Tuesday, March 06, 2007

Sequential Art

I've been reading some comics and graphic novels lately, and I have more to go over the next few weeks. Here's what I've read:

:: Marvels, by Kurt Busiek and Alex Ross.

I liked this quite a bit, but I wanted to like it more. The conceit here is an encapsulation of the first few decades of the Marvel Comics universe, starting with the debut of the Human Torch and ending shortly after the death of Gwen Stacy. The tale is told, however, from the viewpoint of a normal person witnessing all this: news photographer Phil Sheldon, who documents the adventures and battles of all the superheroes who would fill out the Marvel universe.

The best thing about this work is the art. Alex Ross's paintings are often stunning, and it turns out (via a series of appendices) that he includes a lot of visual in-jokes along the way. The images are cinematic in the things they focus upon, how the characters move, and in how the action plays out.

Of course, this wouldn't be a Marvel series without a nice-sized helping of angst, and we get that a lot here. Sheldon's feelings about the sudden oncoming of superpowered beings tracks the general feeling that the Marvel Universe always posited, right down to the hatred and mistrust of mutants, and -- well, frankly, a little of that goes a long way. Our narrator, Phil Sheldon, stews constantly over the public treatment the heroes receive from the public, so much so that about halfway through the four-episode set I was thinking, "OK, we get it. People suck even in the presence of superheroes."

But the panoramic view of a large segment of the Marvel history is often amazing in a way that I, as a comics fan, often failed to notice when buying my titles each month. I enjoy the attempt to portray just what the effect on the populace would be -- not just that heroes exist, but also because superheroes have enemies who like to destroy large whacks of large cities at a time.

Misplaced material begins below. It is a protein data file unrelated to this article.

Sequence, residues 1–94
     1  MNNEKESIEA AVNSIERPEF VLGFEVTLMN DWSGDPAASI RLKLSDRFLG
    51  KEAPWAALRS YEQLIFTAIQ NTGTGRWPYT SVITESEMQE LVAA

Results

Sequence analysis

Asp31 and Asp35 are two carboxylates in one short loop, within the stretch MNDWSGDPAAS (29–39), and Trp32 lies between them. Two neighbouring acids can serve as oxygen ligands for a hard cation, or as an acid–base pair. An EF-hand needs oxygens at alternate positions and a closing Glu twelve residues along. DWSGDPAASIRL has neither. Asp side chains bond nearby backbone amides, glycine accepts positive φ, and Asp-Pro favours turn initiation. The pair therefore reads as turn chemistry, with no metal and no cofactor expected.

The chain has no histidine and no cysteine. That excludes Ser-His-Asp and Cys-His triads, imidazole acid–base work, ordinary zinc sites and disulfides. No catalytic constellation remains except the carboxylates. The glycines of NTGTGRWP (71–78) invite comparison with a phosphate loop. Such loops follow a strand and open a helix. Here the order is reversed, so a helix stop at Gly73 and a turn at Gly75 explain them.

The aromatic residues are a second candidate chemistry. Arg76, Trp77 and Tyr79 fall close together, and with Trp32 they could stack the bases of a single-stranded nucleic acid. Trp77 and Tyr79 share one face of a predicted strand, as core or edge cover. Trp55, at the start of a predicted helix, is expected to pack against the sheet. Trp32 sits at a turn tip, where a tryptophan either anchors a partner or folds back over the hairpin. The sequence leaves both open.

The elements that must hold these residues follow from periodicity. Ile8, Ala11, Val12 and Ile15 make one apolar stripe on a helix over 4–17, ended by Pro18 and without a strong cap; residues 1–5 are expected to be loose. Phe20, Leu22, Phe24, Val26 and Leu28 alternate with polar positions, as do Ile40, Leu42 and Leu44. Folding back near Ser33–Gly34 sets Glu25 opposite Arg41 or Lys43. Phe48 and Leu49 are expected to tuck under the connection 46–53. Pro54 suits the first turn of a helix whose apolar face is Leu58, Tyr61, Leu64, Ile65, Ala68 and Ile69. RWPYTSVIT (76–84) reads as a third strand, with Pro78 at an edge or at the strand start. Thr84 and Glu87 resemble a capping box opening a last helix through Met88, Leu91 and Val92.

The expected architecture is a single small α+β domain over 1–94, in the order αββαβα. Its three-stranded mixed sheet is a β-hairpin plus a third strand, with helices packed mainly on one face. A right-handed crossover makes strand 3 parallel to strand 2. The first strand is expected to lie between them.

As noted, I loved the artwork. (Gwen Stacy, as pictured here, is utterly beautiful.) I just wish the story had invested itself more in the sense of wonder than in the constant Marvel angst.

:: The Death of Superman.

Somehow, when this massive stunt by DC in 1991 (or thereabouts) took place, I never read it. Now I have.

And it sucked.

There's a way to kill a major comic book character, and there's a way not to do it. The right way is to make their death dramatically important. Superman's...wasn't.

The story? While Superman is going about his daily business, a horrible being named Doomsday bursts free from...somewhere, and makes his way to Metropolis, destroying everything he touches on his way. The tale ends with a fistfight between Superman and Doomsday, at the end of which both characters are dead.

Then there's a follow-up storyline called World Without a Superman which fares a bit better; there's some sense of real emotion there that was absent in the whole Death storyline. All the Metropolis stuff is still fairly dull, though; the only really interesting stuff is to be found in the reactions of Jonathan and Martha Kent to the passing of their adoptive son.

I started reading The Return of Superman, but I haven't made a lot of progress and I'm not sure I care enough to finish it.

As much as I love comics, I have to admit that I may be losing my taste for superhero tales.

:: The Yellow Jar and Silk Tapestry (volumes one and two of Songs of our Ancestors), by Patrick Atangan.

Now here is some beautiful work. These two very small books -- I read them both, taking my time on the words and savoring the art in their 96 total pages, in about ninety minutes -- each tell a couple of short folk tales. The Yellow Jar is from the Japanese tradition, while Silk Tapestry's stories come from China. (There's a third book, Tree of Love, which tells tales from India that I haven't read yet.)

I don't really want to say anything about these more than that. It's just that after all the heavy superhero stuff where the Fate of the Earth/Universe/Multiverse hangs in the balance, turning back to lovingly illustrated folk tales is a pleasure not unlike a bit of lemon sorbet after a heavy meal.

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